- George Skivington is a powerful figure in the world rugby family
- Both on and off the field he commands respect and his natural leadership qualities have recently seen him combine the roles of player & coach
- Earlier this summer George was asked to help coach the Samoan Rugby team in the run up to an international game against the All-Blacks
George’s knowledge and experience as a player, captain and coach allowed him to transcend borders and nations to be an effective force with the Samoan rugby family.
Q: How did you become involved with the Samoan rugby family?
GS: I got the ball rolling by gaining a good reputation as a line-out coach at London Irish. I know a few of the Samoan players well and they asked if I could help them out with a bit of, almost consultancy, in the build up to their game against the All-Blacks. At first it was just an idea, but after a few phone calls and conversations over coffee the opportunity came up to travel to Samoa. I was thrilled to get the invite.
Q: What has coaching taught you about the game?
GS: Coaching is such an exciting experience. First and foremost I have no intention of hanging up my boots as a player just yet, but coaching has allowed me to do so many excellent things. I love it. I have learnt so much about the game and gained different perspectives from opportunities I would not have had as a player. The opportunity with Samoa was like a project, I was brought in to help primarily with the forwards in the run up to the All-Blacks game. It was the first time New Zealand had travelled to Samoa, the anticipation and excitement of the players, team and whole country was so powerful. The Samoan family have such an exciting culture.
Adjusting to the Samoan mentality had its challenges, it’s a different culture of earning respect and leading. I had to work hard to show that I was worthy of their respect. Once I had earned it, the team would do anything for me.
Q: Were there any initiations involved with the team?
GS: There were two initiations, early on I had to walk down through the line of players on the pitch shirtless. They took turns to slap me, it’s a ritual of theirs and I had to respect it. It was painful but it bonded me to them. I also had to do a dance with the players in a circle watching me, I had to make it up after being dragged in. It’s their way of doing things and I had to get involved otherwise I would have lost their respect very quickly.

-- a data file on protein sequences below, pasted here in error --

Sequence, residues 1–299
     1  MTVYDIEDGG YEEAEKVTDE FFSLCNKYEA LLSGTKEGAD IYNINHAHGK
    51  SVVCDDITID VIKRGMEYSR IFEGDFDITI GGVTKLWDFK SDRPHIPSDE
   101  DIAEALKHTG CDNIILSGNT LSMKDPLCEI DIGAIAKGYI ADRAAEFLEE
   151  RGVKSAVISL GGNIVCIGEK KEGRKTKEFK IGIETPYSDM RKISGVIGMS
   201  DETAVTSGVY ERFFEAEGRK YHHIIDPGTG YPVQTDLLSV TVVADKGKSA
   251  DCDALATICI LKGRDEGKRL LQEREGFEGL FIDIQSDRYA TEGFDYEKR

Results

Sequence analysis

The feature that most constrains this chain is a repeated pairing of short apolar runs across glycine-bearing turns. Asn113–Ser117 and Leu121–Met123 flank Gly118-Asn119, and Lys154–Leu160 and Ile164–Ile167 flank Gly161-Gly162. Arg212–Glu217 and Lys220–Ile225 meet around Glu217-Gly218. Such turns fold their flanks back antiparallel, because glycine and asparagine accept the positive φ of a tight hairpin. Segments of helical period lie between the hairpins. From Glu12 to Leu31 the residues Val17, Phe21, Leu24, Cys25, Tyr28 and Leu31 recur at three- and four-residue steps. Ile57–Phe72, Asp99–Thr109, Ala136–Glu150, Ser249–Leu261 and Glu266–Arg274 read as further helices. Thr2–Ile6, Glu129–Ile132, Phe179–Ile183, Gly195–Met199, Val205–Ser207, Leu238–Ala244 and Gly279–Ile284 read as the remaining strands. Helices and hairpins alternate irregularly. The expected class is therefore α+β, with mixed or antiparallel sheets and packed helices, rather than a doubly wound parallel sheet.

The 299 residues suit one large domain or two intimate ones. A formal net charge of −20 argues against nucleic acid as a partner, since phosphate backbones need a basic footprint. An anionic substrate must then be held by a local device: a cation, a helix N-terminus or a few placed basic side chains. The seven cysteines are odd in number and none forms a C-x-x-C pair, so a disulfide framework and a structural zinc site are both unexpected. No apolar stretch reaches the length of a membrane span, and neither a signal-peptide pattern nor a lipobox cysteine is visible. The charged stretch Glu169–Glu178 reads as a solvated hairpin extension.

After training, the Samoan players go home and spend a lot of time with their families. In the evening we would all sit around talking, discussing and praying. It’s a religious culture, one with a lot of respect for each other and the Bible.
Q: Did your time in Samoa give you an understanding of the adjustments Samoan players make when they come to the UK?
GS: They’re two different worlds the UK and Samoa, vastly different in many ways. Samoa can be raw at times, moving from there to England, things must feel so foreign, the luxuries and cultural aspects I imagine would be very strange. Life in Samoa is very simple, in a really positive way. It took me a while to get used to, and at first I missed home. But rugby is what breaks through this, it’s the language that we spoke as a team, it’s how we bonded and it’s beautiful. Rugby is a great game for that, one thing we understand is the game and the relationships it forms, at first when I arrived I was the white guy from England, but after I gained their respect on the field I was part of the family. You have to be a group to win. I’ve known that for years, you can’t allow anyone to go off course, you have to claim ownership when you’re right and when you’re wrong. You have to be honest, like you are with your family, for things to be productive. There will always be tough training weeks, things won’t always go to plan, but when game day comes, you go to war as a family, as a team, and that’s true throughout the world.
Q: Was it a difficult transition not only to move rugby families but also in a leadership capacity?
GS: I’ve spent a lot of my career as a leader, building line outs and coaching forwards. It was strange in some ways going to coach Samoa though, as I had played against and with a few of the players so starting as an authoritative figure was tough. A lot of them didn’t know my coaching and playing history. I took the bull by the horns so to speak, and hoped what I was saying made sense. There was a lot of pressure with the All Blacks game on the horizon. The Samoan nation embraces rugby like no other. It’s their lives in a lot of cases. They live and breathe the game. I loved being part of it, entering the Samoan family for that time. By the time the All Blacks arrived in Samoa the streets were lined with flags like a huge royal party. People believed in the team, everyone was behind the nation. That kind of spirit can get lost over here. I’ve never seen spirit like that. It was truly admirable. We lost by 9 points in the end, but considering that previously, Samoa lost by almost 100, it was a great result and rightfully celebrated.
Q: How does it feel now you’re part of the Samoan rugby family?
GS: I love it. I have learnt so much and when the team came together for that match against the All Blacks I was so proud to associate myself with it. I made some great friends in players and coaches and however my career turns out, the Samoans accepting me will be a key highlight. I will always feel humbled to be part of the family and for the experiences they gave me. I feel truly privileged.